As an Linux application developer, one might not aware that there could be certain effort required to support Input Method (or Input Method Editor, usually referred as IME) under Linux.
What is input method and why should I care about it?
Even if you are not aware, you are probably already using it in daily life. For example, the virtual keyboard on your smart phone is a form of input method. You may noticed that the virtual keyboard allows you to type something, and gives you a list of words based on what you already partially typed. That is a very simple use case of input method. But for CJKV (Chinese, Japanese, Korean, Vietnamese) users, Input method is necessary for them to type their own language properly. Basically imagine this: you only have 26 English key on the keyboard, how could you type thousands of different Chinese characters by a physical keyboard with only limited keys? The answers, using a mapping that maps a sequence of key into certain characters. In order to make it easy to memorize, usually such mapping is similar to what is called Transliteration , or directly use an existing Romanization system.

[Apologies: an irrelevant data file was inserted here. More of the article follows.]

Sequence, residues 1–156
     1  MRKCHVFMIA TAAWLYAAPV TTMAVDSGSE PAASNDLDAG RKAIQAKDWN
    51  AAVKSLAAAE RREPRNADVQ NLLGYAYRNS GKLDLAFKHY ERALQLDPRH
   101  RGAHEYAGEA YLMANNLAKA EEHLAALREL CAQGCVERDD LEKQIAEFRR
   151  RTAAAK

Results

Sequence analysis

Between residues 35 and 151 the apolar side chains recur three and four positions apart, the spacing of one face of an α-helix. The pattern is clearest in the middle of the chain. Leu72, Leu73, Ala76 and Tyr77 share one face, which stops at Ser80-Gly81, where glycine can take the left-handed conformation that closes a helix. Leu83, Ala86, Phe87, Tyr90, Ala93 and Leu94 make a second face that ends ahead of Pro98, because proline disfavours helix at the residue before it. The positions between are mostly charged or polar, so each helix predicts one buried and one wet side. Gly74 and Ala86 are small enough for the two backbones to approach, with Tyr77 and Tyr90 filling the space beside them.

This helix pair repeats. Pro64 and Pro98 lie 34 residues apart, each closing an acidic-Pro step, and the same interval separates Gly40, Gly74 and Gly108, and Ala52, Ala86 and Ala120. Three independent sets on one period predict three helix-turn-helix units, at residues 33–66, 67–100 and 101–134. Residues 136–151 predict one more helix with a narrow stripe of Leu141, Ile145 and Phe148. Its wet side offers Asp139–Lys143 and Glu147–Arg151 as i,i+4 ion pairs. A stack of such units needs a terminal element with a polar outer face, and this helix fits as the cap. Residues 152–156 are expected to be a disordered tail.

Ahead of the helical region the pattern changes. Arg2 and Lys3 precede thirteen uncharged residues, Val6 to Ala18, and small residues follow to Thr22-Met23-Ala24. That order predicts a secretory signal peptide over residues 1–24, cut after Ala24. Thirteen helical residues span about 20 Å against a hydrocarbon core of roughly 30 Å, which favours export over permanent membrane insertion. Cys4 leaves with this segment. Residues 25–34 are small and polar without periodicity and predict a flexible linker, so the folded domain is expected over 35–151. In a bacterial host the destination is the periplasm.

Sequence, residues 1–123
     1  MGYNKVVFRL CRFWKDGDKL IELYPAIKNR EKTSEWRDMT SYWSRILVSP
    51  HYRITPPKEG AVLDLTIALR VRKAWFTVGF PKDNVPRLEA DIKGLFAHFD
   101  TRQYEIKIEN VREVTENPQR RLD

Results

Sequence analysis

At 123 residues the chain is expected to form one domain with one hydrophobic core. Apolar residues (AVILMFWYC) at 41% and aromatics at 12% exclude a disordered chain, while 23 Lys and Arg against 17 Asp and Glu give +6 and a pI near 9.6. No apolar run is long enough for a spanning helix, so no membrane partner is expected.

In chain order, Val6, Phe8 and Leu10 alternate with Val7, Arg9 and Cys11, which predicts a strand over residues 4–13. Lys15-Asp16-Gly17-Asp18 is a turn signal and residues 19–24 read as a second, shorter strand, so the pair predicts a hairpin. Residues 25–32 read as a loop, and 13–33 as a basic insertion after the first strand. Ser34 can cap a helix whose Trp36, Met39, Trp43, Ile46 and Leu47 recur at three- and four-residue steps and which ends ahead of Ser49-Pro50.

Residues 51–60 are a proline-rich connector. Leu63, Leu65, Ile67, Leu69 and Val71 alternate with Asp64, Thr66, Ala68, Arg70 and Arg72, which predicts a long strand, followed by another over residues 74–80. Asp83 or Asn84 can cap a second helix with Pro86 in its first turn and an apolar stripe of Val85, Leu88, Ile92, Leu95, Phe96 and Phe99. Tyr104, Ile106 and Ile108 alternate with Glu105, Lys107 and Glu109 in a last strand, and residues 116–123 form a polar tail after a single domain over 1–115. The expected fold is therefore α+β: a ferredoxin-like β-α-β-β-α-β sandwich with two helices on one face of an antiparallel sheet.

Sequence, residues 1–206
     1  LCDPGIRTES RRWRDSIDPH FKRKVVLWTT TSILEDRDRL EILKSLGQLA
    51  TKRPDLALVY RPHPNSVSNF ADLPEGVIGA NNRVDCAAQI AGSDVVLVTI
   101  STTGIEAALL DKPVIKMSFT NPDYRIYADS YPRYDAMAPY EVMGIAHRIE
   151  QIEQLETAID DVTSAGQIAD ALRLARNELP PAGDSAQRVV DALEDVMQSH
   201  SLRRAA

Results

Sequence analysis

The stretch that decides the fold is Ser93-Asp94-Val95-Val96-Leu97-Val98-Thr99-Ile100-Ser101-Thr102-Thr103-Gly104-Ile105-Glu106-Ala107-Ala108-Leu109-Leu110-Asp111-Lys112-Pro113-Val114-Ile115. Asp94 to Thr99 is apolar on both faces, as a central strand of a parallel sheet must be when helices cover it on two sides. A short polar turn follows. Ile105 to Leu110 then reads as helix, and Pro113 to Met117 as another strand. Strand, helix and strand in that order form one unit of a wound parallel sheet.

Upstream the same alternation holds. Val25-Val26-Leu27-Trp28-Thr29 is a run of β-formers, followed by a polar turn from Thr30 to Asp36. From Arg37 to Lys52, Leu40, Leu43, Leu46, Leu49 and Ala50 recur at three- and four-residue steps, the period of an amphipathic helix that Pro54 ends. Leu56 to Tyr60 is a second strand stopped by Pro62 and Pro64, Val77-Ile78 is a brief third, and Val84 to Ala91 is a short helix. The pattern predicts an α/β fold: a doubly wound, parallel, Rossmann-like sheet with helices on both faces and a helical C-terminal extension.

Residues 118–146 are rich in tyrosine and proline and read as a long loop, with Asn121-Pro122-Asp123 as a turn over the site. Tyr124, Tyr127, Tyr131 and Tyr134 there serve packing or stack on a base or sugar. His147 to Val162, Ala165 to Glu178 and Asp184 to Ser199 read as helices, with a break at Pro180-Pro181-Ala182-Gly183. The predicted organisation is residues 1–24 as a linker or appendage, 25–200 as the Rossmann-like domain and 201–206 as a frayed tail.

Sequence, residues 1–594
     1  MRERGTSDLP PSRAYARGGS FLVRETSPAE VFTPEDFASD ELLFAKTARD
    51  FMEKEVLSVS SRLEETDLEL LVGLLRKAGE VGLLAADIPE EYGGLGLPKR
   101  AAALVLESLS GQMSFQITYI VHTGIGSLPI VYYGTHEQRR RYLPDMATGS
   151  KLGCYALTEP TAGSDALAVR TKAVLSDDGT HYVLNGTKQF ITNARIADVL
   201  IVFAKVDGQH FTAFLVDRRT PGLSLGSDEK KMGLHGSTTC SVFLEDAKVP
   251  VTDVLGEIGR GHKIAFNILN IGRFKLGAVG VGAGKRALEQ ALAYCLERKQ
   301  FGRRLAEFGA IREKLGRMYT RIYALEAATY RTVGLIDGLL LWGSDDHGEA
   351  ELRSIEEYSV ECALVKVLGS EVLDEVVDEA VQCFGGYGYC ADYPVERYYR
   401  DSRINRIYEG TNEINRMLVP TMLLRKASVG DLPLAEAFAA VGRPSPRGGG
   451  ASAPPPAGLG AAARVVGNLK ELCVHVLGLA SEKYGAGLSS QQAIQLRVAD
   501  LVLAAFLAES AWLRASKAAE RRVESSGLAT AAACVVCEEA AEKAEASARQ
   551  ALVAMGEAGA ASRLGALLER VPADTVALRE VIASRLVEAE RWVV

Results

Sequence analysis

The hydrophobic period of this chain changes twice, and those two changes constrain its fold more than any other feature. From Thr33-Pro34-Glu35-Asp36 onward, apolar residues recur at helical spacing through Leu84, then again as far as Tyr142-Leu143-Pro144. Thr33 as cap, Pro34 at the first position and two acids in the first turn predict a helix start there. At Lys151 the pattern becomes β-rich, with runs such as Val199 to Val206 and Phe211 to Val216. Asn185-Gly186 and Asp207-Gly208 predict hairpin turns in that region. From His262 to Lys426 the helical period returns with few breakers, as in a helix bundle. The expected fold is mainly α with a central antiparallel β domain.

For example, the most popular way for typing Chinese is Hanyu Pinyin.
What do I need to do to support Input method?
The state of art of input method on Linux are all server-client based frameworks. The client is your application, and the server is the input method server. Usually, there is also a third daemon process that works as a broker to transfer the message between the application and the input method server.
1. Which GUI toolkit to use?
Gtk & Qt
If you are using Gtk, Qt, there is a good news for you. There is usually nothing you need to do to support input method. Those Gtk toolkit provides a generic abstraction and sometimes even an extensible plugin system (Gtk/Qt case) behind to hide all the complexity for the communication between input method server and application.